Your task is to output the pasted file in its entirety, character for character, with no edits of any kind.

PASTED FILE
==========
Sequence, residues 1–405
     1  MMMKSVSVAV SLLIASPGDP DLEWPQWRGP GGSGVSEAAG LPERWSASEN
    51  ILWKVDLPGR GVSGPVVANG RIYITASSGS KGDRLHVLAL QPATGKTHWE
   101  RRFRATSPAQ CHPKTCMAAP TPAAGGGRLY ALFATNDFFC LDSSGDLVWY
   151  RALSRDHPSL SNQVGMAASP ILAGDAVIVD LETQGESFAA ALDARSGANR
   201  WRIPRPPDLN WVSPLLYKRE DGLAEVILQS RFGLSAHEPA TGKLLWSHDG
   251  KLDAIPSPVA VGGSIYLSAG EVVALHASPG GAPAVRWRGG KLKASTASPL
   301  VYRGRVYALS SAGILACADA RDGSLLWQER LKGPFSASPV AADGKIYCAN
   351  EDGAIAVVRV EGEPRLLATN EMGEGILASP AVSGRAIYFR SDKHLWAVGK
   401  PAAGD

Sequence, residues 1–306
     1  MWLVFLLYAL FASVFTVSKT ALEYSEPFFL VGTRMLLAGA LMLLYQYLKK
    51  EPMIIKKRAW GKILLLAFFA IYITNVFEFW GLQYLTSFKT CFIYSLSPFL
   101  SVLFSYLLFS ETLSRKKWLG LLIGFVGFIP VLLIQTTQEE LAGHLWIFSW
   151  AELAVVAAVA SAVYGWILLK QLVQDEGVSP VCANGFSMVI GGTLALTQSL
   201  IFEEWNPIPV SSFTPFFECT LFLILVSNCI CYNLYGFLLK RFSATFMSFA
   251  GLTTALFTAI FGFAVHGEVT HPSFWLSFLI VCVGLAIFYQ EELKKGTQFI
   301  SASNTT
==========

Sequence, residues 1–405
     1  MMMKSVSVAV SLLIASPGDP DLEWPQWRGP GGSGVSEAAG LPERWSASEN
    51  ILWKVDLPGR GVSGPVVANG RIYITASSGS KGDRLHVLAL QPATGKTHWE
   101  RRFRATSPAQ CHPKTCMAAP TPAAGGGRLY ALFATNDFFC LDSSGDLVWY
   151  RALSRDHPSL SNQVGMAASP ILAGDAVIVD LETQGESFAA ALDARSGANR
   201  WRIPRPPDLN WVSPLLYKRE DGLAEVILQS RFGLSAHEPA TGKLLWSHDG
   251  KLDAIPSPVA VGGSIYLSAG EVVALHASPG GAPAVRWRGG KLKASTASPL
   301  VYRGRVYALS SAGILACADA RDGSLLWQER LKGPFSASPV AADGKIYCAN
   351  EDGAIAVVRV EGEPRLLATN EMGEGILASP AVSGRAIYFR SDKHLWAVGK
   401  PAAGD

Sequence, residues 1–306
     1  MWLVFLLYAL FASVFTVSKT ALEYSEPFFL VGTRMLLAGA LMLLYQYLKK
    51  EPMIIKKRAW GKILLLAFFA IYITNVFEFW GLQYLTSFKT CFIYSLSPFL
   101  SVLFSYLLFS ETLSRKKWLG LLIGFVGFIP VLLIQTTQEE LAGHLWIFSW
   151  AELAVVAAVA SAVYGWILLK QLVQDEGVSP VCANGFSMVI GGTLALTQSL
   201  IFEEWNPIPV SSFTPFFECT LFLILVSNCI CYNLYGFLLK RFSATFMSFA
   251  GLTTALFTAI FGFAVHGEVT HPSFWLSFLI VCVGLAIFYQ EELKKGTQFI
   301  SASNTT